The US Department of Commerce yesterday signed a memorandum of understanding with the Internet Corporation for Assigned Names and Numbers (ICANN), beginning the process of transferring its responsibility for Internet domain names, such as .com, .net and .org, to the not-for-profit organisation.
The memorandum sets the stage for the US Government to transfer management of the Internet domain name system to ICANN, a Los Angeles-based organisation formed in October. Until now, the Internet Assigned Numbers Authority (IANA) and the private company, Network Solutions, have handled the allocation of domain names and IP addresses under a contract with the US Government.
The Department of Commerce will work with ICANN to design, develop and test the mechanisms, methods and procedures for managing the domain name system, according to the memorandum, posted on the Department's Web site. The goal is to develop these policies without disrupting the operation of the Internet, the memorandum said, and to establish a domain name system that can be used by the private sector.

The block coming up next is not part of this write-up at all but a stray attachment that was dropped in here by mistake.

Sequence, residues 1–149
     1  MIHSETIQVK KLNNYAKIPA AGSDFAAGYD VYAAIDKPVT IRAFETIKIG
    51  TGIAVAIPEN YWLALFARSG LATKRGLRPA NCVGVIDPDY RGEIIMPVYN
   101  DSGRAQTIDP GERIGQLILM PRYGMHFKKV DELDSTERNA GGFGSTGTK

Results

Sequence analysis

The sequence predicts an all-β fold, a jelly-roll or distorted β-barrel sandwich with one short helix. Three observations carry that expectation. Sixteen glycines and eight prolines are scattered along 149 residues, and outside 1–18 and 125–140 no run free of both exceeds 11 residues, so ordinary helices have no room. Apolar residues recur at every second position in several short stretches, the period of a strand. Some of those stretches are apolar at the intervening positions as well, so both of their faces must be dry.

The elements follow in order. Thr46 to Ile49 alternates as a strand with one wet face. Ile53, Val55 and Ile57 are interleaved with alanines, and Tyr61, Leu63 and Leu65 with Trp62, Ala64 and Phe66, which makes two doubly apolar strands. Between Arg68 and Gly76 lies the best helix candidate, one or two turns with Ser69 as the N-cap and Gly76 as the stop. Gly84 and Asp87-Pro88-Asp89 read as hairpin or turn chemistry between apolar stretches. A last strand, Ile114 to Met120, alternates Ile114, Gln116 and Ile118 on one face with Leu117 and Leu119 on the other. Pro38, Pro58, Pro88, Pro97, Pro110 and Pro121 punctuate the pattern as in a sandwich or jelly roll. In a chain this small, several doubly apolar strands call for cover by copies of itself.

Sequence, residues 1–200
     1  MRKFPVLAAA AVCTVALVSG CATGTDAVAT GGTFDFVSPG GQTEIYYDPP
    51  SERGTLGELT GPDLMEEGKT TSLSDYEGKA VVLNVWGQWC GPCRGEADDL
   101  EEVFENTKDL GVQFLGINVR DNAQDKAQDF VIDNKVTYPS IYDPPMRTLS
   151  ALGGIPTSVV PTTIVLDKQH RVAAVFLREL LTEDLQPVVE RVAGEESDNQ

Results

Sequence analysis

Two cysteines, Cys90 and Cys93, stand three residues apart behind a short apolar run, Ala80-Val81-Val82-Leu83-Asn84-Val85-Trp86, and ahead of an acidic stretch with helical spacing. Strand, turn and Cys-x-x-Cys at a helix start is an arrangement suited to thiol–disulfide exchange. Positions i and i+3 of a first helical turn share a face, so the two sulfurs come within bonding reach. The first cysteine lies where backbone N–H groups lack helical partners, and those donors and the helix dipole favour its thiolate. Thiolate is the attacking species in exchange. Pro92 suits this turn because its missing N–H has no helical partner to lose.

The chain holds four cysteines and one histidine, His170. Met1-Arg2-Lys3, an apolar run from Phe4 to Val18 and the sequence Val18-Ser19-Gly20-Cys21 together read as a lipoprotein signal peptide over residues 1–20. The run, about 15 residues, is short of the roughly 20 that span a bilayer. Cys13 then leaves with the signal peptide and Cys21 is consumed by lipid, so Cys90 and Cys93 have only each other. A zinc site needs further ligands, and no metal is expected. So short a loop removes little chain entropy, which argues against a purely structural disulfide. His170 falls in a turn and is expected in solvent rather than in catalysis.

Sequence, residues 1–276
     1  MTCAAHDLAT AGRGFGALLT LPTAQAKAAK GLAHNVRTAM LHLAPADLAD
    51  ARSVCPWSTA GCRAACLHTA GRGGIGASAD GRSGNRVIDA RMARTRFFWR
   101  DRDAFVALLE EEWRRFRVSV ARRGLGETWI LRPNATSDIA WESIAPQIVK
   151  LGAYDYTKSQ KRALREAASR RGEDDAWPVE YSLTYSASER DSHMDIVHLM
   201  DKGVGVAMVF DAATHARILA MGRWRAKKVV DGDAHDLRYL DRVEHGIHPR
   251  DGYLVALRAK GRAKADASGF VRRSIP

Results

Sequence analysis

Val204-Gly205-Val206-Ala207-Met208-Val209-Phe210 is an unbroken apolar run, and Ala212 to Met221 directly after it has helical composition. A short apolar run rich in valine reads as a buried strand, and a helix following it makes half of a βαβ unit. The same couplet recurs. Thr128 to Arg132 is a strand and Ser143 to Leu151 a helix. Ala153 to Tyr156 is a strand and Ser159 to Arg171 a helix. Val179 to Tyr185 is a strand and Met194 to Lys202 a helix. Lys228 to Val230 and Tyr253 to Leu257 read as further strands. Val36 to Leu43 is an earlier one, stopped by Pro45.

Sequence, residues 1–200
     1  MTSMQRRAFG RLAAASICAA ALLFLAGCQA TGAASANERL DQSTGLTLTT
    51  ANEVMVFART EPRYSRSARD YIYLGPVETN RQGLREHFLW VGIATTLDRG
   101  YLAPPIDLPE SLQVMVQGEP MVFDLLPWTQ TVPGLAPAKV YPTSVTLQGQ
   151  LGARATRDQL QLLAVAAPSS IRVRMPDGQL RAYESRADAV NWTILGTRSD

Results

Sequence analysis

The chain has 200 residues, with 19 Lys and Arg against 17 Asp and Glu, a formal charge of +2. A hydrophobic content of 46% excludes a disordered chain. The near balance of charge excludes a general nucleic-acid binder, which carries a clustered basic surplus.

In the memorandum, the government and ICANN agreed to establish rules for:
-- Allocating IP (Internet protocol) number blocks; -- Overseeing operation of the authoritative root server system; -- Overseeing policy for adding new top-level domains to the root system; -- Coordinating assignment of other Internet technical parameters as needed to maintain universal connectivity on the Internet;-- Other activities that the two parties deem necessary to coordinate domain names system management.
Another agreement will have to be signed before the US Government completely relinquishes its authority over the Internet, Becky Burr, associate administrator of the National Telecommunications and Information Administration, reportedly told the Los Angeles Times yesterday. Burr said she expects that to happen no later than October 1, 2000.
The memorandum of understanding can be found on the Web at http://www.ntia.doc.gov/